How will the Seahawks handle Russell Wilson’s trade? Seattle Seahawks Blog

SEATTLE — Trade Russell WilsonAnd then, what?

This has been the obvious response to persistent speculation for the past 13 month. Seattle SeahawksThey could let go of their star quarterback. This is a reason to believe it was possible, even with the tension that lingers from last offseason.

They could trade Wilson to get rid of the most valuable player in the franchise's history. But what would the Seahawks, a team that plans on competing in 2022, do with the most crucial position in football?

“Then what?” “Then and now?” has become “Now what?” ESPN's Adam Schefter reported on Tuesday. that Seattle will send WilsonTo the Denver BroncosIn one of the largest trades that the NFL has ever witnessed.

The answer to that question is less clear than it was last year when, according to one source, the Seahawks were closer than most realize to a deal that would've sent Wilson to the NFL. Chicago Bears. Seattle could have traded Wilson in order to place him as a replacement in a strong 2021 draft that saw five signal callers be taken within the first 15 picks.

They now have a huge void to fill and the same question about who will fill it.

This draft, unlike last year's, is widely thought to lack top-tier talent as a quarterback. ESPN asked a talent evaluator for another team late in the season if they thought this year's QB class was as weak as analysts have said.

There are indications, both before and since last week's scouting combined, that the Seahawks haven't been sold enough about any of the prospects for this year's Seahawks to take them all in the first round and immediately replace Wilson.

It's also hard to believe that Pete Carroll, the Seahawks' coach (who turns 71 in September) would be willing to make a new start with a rookie who would require years of development before he could lead the Seahawks to another Super Bowl. It would also go against John Schneider's often-quoted credo of wanting to be “consistently championship-caliber” team.

One NFL talent evaluator stated that it was almost like trading Joe Montana last offseason, while wondering if Wilson would ever be traded. “You need Steve Young in your back pocket.”

After the Denver trade is completed, Seattle's only quarterbacks will be Jacob EasonA third-year development prospect, who has appeared in one NFL match. Drew LockThe Broncos will send to Seattle a 2019 second-round selection,. Lock's Total QBR is below 40 after three NFL seasons. He also played with a strong supporting cast in Denver so it's not clear that he's the long-term answer.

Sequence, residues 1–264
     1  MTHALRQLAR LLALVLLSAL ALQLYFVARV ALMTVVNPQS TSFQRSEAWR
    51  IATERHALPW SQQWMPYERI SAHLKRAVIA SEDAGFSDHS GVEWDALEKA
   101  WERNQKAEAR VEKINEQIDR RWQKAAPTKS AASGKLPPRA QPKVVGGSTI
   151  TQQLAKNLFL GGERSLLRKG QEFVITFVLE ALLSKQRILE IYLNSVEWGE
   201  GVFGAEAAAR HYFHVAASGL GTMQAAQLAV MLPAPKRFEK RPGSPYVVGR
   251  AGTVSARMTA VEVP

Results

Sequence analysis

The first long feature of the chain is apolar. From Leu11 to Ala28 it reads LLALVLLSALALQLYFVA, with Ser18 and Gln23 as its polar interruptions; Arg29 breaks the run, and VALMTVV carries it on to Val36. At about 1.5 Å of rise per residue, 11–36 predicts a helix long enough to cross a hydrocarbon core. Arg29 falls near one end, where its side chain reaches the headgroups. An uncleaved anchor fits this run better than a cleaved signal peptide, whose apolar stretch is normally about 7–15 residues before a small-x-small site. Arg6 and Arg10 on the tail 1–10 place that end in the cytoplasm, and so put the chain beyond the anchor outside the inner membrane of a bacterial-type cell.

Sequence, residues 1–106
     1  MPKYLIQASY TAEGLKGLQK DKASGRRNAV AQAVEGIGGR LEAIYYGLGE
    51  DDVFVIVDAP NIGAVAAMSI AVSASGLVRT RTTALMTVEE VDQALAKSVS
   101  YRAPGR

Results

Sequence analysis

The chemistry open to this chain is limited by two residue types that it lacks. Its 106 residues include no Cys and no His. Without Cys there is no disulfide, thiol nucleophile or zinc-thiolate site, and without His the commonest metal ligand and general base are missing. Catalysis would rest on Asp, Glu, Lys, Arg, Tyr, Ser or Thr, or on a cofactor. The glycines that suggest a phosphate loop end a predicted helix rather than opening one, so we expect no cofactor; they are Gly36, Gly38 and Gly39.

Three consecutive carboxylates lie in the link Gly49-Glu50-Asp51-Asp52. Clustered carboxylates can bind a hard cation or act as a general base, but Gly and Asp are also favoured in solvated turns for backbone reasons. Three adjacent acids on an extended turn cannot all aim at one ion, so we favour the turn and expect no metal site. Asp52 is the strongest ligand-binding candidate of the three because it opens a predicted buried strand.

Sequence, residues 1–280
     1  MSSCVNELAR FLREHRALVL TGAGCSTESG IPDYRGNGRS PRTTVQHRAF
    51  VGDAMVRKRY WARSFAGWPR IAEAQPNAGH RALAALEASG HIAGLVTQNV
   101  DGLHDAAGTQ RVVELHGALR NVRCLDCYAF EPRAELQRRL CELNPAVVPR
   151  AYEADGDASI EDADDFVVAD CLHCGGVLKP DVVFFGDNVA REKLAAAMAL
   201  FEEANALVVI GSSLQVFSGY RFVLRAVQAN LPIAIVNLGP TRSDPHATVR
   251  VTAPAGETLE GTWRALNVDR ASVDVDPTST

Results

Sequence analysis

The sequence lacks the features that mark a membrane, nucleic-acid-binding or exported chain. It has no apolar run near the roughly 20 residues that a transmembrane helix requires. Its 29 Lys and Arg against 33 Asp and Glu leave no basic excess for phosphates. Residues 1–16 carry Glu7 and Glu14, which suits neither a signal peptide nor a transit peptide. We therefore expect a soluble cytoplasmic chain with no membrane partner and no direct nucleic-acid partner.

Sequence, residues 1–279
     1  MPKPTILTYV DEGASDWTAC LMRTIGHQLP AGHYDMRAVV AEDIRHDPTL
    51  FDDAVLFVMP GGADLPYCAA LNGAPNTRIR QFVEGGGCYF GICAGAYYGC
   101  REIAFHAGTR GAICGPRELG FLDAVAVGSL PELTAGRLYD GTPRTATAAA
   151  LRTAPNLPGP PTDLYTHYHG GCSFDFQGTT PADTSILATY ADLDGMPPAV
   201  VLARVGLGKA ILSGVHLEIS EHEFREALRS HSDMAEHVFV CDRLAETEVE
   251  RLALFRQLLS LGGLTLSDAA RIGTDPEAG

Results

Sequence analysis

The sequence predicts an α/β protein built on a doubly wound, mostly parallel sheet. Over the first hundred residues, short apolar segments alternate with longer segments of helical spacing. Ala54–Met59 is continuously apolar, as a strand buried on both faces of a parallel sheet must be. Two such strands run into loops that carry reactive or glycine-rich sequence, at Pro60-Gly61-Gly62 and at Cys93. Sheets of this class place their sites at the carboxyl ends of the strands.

Geno SmithWilson scheduled to be a free agent but he showed Wilson during three fill-in starts last season that he's not.

All of this seems to indicate that another QB shoe could drop in Seattle.

The Seahawks might consider a trade. Deshaun WatsonIf the Houston TexansIn the 22 civil cases brought against him by women, quarterback was cleared of any wrongdoing have accused him of actionsThis includes sexual assault and harassment. This would be a messy situation, and Watson is unlikely to be available by 2022.

Seattle might be looking for a new quarterback to join the trade market, such as the Minnesota VikingsKirk Cousins?, Las Vegas RaidersDerek CarrOder the Miami DolphinsTua Tagovailoa.

Wilson, 33, would see a significant drop in his performance if he was to be replaced by these QBs. Wilson is a dedicated man who takes care of his body. Wilson looked like he did at the end last season. This suggests that Wilson's midseason struggles were due to his finger injury, and not an indication of greater decline.

It's not like the Seahawks didn’t have time to prepare Wilson’s departure. Before Wilson's frustrations surfaced in February, it was obvious that the marriage was in trouble.

However, even if Wilson wanted to go — there are signs that he did — could he have really given up his public image and forced Seattle into his hands? The Seahawks could have made it work if they were determined, just as the Seahawks. Green Bay PackersThey have made a good deal with their once-unhappy QB. Aaron Rodgers.

The Seahawks must have had their own motivations to trade Wilson. There is a high-priced quarterback market that could be a top priority. Wilson still has two years on his current contract, so he would be eligible next offseason to get a huge raise from the average $35 million of his 2019 extension. His next deal could cost him $50 million per annum.

The Seahawks may have considered it unsustainable to continue spending that much money and still have enough to field a championship-caliber squad around Wilson. The Seahawks enjoyed Wilson's rookie contract for three years before he was granted his first megadeal in 2015. They might have had pre-draft interest because of that. Patrick MahomesIn 2017, Josh AllenOne team source claims that the Seahawks would have taken Mahomes if he had fallen to them a year later.

The Seahawks never thought that trading Wilson was possible due to the cost and the strain in their relationship. Surprisingly, it's happening right now in an offseason when there is no clear way to replace Wilson.

What now?

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